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tv   Deadline White House  MSNBC  July 10, 2017 1:00pm-2:00pm PDT

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"deadline: white house" starts right now. >> hi, everybody. i'm hallie jackson indeed in for nicolle wallace who is taking time off. i'm taking some time from my usual post at the white house to fill in on "deadline: white hous house". speaking of the white house it's a different donald trump in hot water over potential collusion with russia during the 2016 election. nbc has learned that don jr. has lawyered up in connection to this news. just as we're getting some new reaction from the white house. and sources close to the senate intelligence committee tell income they want some answers from donald trump jr. why? well, it's because of "the new york times" report he was promised damaging information on hillary clinton before he agreed to meet with the russian lawyer who had ties to the kremlin. don jr. getting online, tweeting he's quote happy to work with the committee to pass on what i know. but while the fact that the meeting could be significant, bob mueller investigates potential collusion, it was
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don jr.'s response that was raising some eyebrows across washington. "the new york times" writing, quote, when he was first asked about the meeting on thursday, he said it was about adoptions and mentioned nothing about mrs. clinton. then he let say he slightly modified the story. saying after pleasantries were exchanged the woman stated that she had information that individuals connected to russia were funding the democratic national committee and supporting mrs. clinton. her statements were vague, ambiguous and made no sense. no details or supporting information was provided or even offered. it quickly became clear she had no meaningful information. this morning on twitter from don jr. a little sarcasm. i'm the first campaign on the -- first person on the campaign to hear info about the person. and then no inconsistency in statements, meeting ended up being primarily about adoptions in response to further questions i simply provided more details. let's get at it on this monday.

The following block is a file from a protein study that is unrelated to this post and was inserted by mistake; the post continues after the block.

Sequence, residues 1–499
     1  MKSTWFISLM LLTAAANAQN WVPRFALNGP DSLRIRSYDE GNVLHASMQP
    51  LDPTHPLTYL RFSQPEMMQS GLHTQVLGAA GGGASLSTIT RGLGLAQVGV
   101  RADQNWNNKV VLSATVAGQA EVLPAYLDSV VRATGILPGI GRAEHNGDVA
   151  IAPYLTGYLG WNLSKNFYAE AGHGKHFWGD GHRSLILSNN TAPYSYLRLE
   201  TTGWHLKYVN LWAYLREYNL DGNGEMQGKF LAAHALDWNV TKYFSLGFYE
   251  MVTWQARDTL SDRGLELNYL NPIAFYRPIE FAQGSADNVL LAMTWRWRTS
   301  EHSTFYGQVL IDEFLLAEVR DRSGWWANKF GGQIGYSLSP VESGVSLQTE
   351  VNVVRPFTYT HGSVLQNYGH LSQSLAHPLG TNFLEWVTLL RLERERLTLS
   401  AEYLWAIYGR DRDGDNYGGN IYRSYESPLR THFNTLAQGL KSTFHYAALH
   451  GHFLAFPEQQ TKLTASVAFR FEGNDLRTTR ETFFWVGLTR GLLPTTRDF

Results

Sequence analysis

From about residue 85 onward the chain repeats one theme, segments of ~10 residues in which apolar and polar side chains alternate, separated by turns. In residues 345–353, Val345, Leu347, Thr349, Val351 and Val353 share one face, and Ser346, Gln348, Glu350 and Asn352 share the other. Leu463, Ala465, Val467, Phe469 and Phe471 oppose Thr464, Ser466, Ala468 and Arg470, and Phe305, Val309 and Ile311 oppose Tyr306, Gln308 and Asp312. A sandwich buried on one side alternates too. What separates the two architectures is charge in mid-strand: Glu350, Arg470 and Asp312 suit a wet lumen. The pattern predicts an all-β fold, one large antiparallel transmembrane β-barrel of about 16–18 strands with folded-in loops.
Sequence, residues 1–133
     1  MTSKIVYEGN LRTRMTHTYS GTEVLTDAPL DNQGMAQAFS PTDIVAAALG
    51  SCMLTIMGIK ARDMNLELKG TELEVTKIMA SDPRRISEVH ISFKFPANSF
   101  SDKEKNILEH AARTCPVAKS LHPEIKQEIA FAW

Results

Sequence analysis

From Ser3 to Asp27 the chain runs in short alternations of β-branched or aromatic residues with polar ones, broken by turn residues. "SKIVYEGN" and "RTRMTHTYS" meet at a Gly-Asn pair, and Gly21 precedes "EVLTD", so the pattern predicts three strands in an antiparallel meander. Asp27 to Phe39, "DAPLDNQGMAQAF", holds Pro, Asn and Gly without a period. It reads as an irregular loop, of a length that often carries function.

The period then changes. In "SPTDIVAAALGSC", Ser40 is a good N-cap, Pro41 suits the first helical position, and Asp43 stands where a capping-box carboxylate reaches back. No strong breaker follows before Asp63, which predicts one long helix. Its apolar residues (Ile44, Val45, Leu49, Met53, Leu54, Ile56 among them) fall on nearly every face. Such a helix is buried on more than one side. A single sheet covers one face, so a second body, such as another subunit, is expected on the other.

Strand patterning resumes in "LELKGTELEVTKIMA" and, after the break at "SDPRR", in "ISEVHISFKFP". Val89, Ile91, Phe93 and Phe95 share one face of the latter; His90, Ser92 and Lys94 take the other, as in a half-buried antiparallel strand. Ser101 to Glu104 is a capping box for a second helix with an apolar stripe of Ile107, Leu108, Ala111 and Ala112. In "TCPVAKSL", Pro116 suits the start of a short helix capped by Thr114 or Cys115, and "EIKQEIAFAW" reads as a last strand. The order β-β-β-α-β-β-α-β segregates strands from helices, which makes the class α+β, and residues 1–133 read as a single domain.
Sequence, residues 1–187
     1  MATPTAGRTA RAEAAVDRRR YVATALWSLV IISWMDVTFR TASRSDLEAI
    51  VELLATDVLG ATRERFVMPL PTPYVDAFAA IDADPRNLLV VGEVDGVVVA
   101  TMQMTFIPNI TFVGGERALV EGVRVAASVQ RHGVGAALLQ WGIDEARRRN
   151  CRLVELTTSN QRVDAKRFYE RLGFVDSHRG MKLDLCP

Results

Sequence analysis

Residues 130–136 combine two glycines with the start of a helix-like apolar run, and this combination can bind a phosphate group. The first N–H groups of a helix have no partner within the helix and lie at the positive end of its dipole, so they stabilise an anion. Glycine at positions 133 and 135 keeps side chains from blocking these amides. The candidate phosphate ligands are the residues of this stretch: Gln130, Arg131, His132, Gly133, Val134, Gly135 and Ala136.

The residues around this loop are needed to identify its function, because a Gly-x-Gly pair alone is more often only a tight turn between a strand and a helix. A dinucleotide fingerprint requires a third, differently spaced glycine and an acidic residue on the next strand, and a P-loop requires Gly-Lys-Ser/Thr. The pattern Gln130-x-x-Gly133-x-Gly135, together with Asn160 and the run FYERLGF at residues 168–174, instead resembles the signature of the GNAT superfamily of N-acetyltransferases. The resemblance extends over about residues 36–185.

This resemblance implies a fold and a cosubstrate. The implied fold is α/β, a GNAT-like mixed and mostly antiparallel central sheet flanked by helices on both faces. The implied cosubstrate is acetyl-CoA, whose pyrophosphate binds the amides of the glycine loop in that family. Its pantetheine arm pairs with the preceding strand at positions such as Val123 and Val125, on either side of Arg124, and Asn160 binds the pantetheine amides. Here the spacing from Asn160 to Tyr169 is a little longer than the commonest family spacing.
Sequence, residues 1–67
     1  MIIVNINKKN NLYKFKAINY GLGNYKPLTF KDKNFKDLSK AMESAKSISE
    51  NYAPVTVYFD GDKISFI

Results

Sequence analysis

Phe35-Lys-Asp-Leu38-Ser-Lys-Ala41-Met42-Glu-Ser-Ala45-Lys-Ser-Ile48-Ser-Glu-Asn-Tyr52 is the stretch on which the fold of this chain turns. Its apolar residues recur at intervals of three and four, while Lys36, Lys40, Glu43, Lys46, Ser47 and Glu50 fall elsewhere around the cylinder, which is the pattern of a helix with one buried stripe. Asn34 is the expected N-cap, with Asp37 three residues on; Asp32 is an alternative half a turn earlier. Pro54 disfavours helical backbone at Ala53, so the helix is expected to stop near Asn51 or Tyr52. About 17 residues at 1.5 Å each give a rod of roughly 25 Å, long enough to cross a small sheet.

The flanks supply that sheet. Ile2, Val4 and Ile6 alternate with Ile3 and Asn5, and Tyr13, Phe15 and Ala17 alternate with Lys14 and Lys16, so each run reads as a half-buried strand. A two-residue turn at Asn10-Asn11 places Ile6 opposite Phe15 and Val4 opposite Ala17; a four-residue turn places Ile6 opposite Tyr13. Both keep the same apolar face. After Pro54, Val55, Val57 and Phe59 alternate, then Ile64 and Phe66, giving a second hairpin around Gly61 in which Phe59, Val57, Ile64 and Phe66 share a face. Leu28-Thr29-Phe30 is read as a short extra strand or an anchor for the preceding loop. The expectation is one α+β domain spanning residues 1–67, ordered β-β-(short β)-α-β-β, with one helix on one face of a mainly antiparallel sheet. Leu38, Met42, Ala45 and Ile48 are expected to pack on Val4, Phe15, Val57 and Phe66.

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we have a team of reporters on the story. peter alexander and ashley parker and white house reporter for the washington post. ken dilanian, national security reporter and jeremy bash, national security analyst and former chief of staff for the cia and department of defense. peter, i want to get you right here. we just heard new reaction from the white house. sarah huckabee sanders in her off camera briefing was asked about this repeatedly. let's walk through the highlights. >> reporter: well, that was the highing -- hiring of alan futerfas, working on behalf of donald trump jr. he's a 25 year veteran of criminal defense cases whose expert east is in ethics investigations. that's the breaking news within the last minutes and specific to your questions about sarah huckabee sanders the deputy press secretary is speaking off camera a short time ago. following the defense we have
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heard from other white house officials. first kellyanne conway. among them today saying that donald trump jr. did nothing wrong and remains no evidence and there was no collusion between trump campaign officials and any russian operatives. here's sarah huckabee sanders in her own words a short time ago. >> don jr. took a very short meeting from which there was absolutely no follow-up. frankly, i think sometimes that may make sense just looking at the democratic national committee coordinated opposition research directly with the ukrainian embassy. this is not an accusation, but an on the record action they took. if you're looking for an example of a campaign coordinatoring with -- coordinating with a foreign country or a foreign source look no further than the dnc who actually coordinated opposition research with the ukrainian embassy and nobody had a big problem with that. the only thing i see inappropriate about the meeting was the people that leaked the